Earlier this year, I posted some thoughts on Latter-day Saints’ reaction to the announcement of the 1978 revelation on the race-based temple and priesthood ban. The post elicited a lot of excellent responses, including several from Latter-day Saints who shared their own memories and recollections of LDS responses in the wake of the revelation. Among the most intriguing comments, though, came from commenter Ben S., who offered an anecdote he once heard about “several hundred LDS [who] signed their names to a full-page ad in a local newspaper to the effect that they knew Kimball was a fallen prophet, this revelation wasn’t possible, on the basis of past statements, scriptural interpretation, etc.” (more…)
At the Mormon History Association’s meetings two weeks ago (was it only two weeks ago?!), I attended several excellent sessions and roundtables. Each of the sessions I attended was worth the price of the conference registration—it was my favorite MHA I’ve attended so far. As usual, meals, hall conversations, and the student reception provided an excellent arena for sharing ideas about the research being presented, but also about the new developments in Mormon history and American religious history. (more…)
This post was originally supposed to be about the women’s history panels at the Mormon History Association last week. It was supposed to be a celebration of the work that has been done and an outline of what remains to be done. The letter that was sent to Kate Kelly on June 8th – the anniversary of the extension of the priesthood to all worthy men regardless of their race – changed all of that. We felt that the Juvenile Instructor could not be the only blog not to post something. Ultimately, Amanda HK, Kris, and Andrea decided that an appropriate response would be to write a history of women’s excommunication in the LDS Church and then to offer their own thoughts. (more…)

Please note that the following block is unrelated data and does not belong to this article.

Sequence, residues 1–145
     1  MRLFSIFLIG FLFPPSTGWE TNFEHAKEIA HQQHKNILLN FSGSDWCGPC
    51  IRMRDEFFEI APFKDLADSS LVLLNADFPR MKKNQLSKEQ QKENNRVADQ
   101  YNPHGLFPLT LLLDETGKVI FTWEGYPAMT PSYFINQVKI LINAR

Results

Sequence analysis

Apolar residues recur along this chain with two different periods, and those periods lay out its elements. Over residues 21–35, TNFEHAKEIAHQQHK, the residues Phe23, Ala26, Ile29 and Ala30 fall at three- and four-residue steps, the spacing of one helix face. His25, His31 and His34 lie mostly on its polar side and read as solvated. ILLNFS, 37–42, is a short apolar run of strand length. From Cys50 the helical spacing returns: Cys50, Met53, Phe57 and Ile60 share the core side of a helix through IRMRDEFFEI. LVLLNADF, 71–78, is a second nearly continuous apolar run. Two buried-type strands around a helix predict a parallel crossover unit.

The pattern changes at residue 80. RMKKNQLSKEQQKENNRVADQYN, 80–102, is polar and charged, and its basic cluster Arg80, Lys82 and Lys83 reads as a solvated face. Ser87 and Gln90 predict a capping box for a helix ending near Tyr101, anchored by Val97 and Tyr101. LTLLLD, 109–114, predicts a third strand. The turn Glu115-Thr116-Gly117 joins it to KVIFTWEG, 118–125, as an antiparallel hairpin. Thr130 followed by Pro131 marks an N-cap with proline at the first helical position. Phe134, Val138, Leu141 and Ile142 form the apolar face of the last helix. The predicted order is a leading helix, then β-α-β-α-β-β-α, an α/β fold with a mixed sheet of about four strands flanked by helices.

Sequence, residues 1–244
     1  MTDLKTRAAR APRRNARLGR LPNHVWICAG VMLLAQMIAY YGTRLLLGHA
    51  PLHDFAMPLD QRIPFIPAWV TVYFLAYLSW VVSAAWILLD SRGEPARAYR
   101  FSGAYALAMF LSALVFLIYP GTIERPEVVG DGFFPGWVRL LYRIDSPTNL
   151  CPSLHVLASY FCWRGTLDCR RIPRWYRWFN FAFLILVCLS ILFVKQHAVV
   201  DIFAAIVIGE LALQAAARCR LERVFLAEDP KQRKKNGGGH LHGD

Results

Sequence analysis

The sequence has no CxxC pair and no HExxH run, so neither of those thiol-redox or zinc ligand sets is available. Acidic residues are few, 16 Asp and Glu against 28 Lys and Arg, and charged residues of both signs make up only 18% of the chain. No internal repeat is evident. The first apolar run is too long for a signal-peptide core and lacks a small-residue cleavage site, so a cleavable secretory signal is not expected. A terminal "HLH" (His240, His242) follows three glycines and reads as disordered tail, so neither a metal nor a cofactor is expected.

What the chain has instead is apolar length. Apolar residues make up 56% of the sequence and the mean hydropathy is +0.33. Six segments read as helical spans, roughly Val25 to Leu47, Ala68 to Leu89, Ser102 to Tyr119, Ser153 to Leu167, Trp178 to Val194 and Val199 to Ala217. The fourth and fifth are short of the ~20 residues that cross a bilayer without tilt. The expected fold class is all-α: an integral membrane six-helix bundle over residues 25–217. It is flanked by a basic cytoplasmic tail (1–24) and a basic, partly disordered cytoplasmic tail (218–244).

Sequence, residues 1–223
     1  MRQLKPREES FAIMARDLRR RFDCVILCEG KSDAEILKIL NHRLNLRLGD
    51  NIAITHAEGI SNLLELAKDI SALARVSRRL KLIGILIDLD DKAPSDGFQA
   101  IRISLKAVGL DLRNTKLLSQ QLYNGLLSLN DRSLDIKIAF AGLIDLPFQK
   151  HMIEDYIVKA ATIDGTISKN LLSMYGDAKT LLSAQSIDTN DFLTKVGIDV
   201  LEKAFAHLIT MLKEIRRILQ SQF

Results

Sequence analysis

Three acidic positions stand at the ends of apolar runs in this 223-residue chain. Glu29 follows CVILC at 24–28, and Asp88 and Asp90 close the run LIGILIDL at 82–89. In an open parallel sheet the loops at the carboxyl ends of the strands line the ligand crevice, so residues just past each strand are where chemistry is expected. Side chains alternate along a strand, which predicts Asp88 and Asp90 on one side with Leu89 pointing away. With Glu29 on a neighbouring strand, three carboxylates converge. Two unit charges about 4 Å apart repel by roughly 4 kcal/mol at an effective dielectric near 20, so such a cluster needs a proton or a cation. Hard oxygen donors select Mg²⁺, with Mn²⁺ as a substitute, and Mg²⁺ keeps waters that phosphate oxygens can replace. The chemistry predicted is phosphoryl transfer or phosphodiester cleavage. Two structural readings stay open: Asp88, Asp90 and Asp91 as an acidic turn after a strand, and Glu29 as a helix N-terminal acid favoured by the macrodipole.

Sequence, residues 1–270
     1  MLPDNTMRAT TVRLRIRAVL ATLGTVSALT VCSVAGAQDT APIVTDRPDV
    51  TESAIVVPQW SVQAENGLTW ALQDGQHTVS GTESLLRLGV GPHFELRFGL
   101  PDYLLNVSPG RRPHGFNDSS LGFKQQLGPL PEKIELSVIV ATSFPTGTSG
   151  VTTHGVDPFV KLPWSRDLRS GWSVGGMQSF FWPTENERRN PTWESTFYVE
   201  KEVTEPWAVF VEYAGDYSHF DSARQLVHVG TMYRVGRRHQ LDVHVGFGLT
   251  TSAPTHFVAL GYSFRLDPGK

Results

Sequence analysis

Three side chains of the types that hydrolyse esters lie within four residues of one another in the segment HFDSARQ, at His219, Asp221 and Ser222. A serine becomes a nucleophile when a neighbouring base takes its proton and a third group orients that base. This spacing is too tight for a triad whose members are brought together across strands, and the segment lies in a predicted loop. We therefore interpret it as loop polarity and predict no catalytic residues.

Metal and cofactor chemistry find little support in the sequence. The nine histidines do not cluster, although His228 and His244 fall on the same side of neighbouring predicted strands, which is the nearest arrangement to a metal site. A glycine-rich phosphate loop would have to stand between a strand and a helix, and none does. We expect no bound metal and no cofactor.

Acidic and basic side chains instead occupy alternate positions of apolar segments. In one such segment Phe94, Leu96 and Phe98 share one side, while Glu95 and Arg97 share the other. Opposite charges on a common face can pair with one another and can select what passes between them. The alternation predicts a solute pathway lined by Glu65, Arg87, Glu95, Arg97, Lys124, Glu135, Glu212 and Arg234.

Today’s post comes from Kate Holbrook. Kate is a Specialist in Women’s History at the LDS Church History Department. She completed her Ph.D in Religious Studies at Boston University this spring and most recently contributed a chapter entitled “Good to Eat: Culinary Priorities in the Nation of Islam and Latter-day Saint Church” in Religion, Food, and Eating in North America published by Columbia University Press this year.
Relief Society endeavors have changed during the organization’s 172-year history. Some narratives frame the shift in Relief Society activities as a loss, arguing that the organization possessed greater visibility and autonomy during its first 150 years than it does now. We celebrate the achievements of our LDS foremothers in medicine, in politics, in organizing the affairs of the kingdom. Their contributions were often visible and measurable, affecting not just their families or their local congregations but the entire church, and indeed, society at large. In contrast, the work of Relief Society in the twenty-first century can seem small—most efforts are confined to individual stakes, wards, or families. But the idea that modern Relief Society work is a diminished version of the original begs the question: how do we measure the success of a religious organization for women? (more…)